Let's assume for argument's sake that God created everything as Genesis states. We shall consider Genesis to be perfectly accurate. The problems encountered are far greater than incongruence with reality.
If God has always existed, is all-good and is the origin of everything, I have some questions.
Where does evil come from? If God is to be considered the origin of everything/everyone, then God somehow created evil. If God is omniscient, he did so intentionally. Further, if God does somehow created evil from the perfection which he is to exemplify, he has a number of options. He could obliterate evil before creating humans, removing any interference with free will. He could banish it to somewhere else, where it wouldn't damn an entire race to hell. He could not create humans until he's got a solution worked out which would necessarily save billions of people from hell. Being omniscient, one would think that his mind could tackle such an issue.
Now, for some reason evil exists. For some additional reason, God put the personification of evil in the human habitat. Then, God put a tree with the knowledge of good and evil into the garden. An important question to ask is that before eating the tree, how could Adam and Eve have known that eating the fruit was a wrong thing to do? They had a keep-away command from God, but no possible way to comprehend that disregarding that command was a bad action. The moral of the story seems to be advocating adherence to orders without question.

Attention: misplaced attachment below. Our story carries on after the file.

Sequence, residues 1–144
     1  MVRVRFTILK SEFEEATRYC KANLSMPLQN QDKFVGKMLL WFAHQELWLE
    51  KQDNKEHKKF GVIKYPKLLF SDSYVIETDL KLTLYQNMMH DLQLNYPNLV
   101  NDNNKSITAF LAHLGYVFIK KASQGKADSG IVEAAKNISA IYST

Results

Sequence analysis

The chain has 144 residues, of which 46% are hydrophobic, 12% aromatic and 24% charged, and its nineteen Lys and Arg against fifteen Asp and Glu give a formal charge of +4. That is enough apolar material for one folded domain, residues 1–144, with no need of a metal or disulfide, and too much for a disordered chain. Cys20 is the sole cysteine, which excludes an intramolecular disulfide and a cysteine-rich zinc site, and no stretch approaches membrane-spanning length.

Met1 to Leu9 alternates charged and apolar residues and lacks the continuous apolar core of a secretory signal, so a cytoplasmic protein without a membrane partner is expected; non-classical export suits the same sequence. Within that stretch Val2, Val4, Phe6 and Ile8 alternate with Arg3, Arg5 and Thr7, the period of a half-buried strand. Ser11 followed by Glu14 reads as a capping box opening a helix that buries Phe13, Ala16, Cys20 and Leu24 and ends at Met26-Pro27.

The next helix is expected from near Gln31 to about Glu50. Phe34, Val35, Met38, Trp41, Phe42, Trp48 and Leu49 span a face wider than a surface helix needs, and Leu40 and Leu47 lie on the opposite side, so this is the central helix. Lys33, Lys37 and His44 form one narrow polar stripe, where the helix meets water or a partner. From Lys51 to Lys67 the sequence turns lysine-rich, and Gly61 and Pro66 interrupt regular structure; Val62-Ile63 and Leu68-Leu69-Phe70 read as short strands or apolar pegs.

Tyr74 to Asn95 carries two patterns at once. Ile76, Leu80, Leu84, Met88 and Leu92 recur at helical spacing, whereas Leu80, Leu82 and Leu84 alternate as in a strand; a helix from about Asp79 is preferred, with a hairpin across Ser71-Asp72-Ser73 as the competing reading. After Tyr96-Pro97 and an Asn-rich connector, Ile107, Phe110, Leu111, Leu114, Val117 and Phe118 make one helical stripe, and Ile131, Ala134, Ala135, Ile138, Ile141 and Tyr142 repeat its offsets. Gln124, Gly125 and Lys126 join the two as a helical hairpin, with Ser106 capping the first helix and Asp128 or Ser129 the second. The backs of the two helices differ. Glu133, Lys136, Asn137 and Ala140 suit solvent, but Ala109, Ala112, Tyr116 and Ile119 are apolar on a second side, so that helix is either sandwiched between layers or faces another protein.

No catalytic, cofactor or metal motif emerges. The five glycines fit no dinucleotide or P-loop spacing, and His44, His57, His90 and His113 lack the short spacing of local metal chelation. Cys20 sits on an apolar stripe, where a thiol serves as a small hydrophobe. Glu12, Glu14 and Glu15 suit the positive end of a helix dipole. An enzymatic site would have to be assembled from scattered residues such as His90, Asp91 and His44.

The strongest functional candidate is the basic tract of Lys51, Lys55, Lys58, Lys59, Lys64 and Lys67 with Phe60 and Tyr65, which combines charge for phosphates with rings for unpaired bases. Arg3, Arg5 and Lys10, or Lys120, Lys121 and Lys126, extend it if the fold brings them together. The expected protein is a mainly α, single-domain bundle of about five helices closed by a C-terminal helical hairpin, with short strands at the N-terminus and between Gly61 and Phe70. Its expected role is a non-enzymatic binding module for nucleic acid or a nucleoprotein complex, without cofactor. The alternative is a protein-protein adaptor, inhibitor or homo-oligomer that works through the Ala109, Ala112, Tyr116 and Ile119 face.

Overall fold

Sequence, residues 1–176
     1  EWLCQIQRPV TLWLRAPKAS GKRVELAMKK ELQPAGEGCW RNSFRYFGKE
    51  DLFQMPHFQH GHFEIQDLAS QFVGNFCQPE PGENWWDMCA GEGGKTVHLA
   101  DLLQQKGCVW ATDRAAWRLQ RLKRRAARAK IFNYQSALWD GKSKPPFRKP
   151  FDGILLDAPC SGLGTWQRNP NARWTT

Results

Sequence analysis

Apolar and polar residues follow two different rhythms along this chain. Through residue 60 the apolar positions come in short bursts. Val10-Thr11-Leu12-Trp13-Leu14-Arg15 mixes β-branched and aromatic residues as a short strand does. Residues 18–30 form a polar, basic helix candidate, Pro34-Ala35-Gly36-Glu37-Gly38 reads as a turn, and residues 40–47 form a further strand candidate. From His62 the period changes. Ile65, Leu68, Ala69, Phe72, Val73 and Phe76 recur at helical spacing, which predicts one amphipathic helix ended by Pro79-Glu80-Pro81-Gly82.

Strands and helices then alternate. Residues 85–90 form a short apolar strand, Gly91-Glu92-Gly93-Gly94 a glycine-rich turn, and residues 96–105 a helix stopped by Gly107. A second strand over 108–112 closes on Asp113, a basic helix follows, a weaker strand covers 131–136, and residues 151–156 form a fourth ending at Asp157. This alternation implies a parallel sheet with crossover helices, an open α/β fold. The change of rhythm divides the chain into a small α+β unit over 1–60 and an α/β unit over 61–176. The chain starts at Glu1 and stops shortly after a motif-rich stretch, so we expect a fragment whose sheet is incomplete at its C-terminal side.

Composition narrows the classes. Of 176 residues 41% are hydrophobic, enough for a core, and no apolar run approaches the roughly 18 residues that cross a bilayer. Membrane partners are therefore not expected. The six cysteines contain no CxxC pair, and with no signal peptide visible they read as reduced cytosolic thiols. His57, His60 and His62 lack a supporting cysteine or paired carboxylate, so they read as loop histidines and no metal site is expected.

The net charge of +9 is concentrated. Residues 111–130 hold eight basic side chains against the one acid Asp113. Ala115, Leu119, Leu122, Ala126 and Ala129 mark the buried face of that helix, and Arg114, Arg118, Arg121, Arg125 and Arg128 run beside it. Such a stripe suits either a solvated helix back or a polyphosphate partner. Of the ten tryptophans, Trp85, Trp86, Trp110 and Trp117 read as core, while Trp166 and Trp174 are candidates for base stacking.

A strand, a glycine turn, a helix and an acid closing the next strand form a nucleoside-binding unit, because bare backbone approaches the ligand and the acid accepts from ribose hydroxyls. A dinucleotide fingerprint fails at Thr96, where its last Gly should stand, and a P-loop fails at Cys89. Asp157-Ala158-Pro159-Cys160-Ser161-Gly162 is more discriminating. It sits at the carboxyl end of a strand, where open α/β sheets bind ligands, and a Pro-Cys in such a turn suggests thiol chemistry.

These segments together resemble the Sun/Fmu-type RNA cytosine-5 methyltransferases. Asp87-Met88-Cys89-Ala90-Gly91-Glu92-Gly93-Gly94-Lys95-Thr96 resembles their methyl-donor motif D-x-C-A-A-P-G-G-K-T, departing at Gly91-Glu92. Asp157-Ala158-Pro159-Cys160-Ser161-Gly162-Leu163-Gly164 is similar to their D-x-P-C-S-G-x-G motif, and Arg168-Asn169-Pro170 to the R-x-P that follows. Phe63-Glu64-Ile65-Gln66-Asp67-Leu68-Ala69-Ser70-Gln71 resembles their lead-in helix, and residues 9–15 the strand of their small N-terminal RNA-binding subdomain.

The fall is supposed to be the time when evil entered the earth and things started to die and decay. The issue which seems all-too-evident is that the serpent seems rather evil, and he was in the garden. The serpent supposedly knows that the people will die as a result of touching the fruit, but advocates it anyway. So evil existed before the fall, better yet, it was in the garden before the fall.
We now have that there was evil before the fall. Adam and Eve couldn't possibly understand evil prior to eating of the tree, much less be wary of it. To break the command of one supernatural entity in favor of the command of another supernatural entity (in a moral vacuum) is a decision which could understandably be based on timing. If a voice told me not to push a button because it would trigger every nuclear bomb in the world, even without a moral sense, I'd be well reasoned to avoid the button. Now imagine that someone else comes to me and tells me that it really won't cause any disaster and in fact will benefit me. These are both clear directions with varied predictions from what I assume to be apparently equally veracious sources. The clear difference is time. I'm told not to do something, then told to do just that. Confusion aside and assuming that I have no reason to distrust either direction, the most recent would be a decent choice to make.
That is what makes the story of creation and the fall disgusting to me. The 'loving god' of Christianity knowingly created a situation which he knew would produce a given undesirable outcome and did nothing to avert that outcome. The best we get is some 4,400 years later, he sacrifices himself to himself so that he can forgive us for a situation he put us in. That's not someone who anyone should want to worship.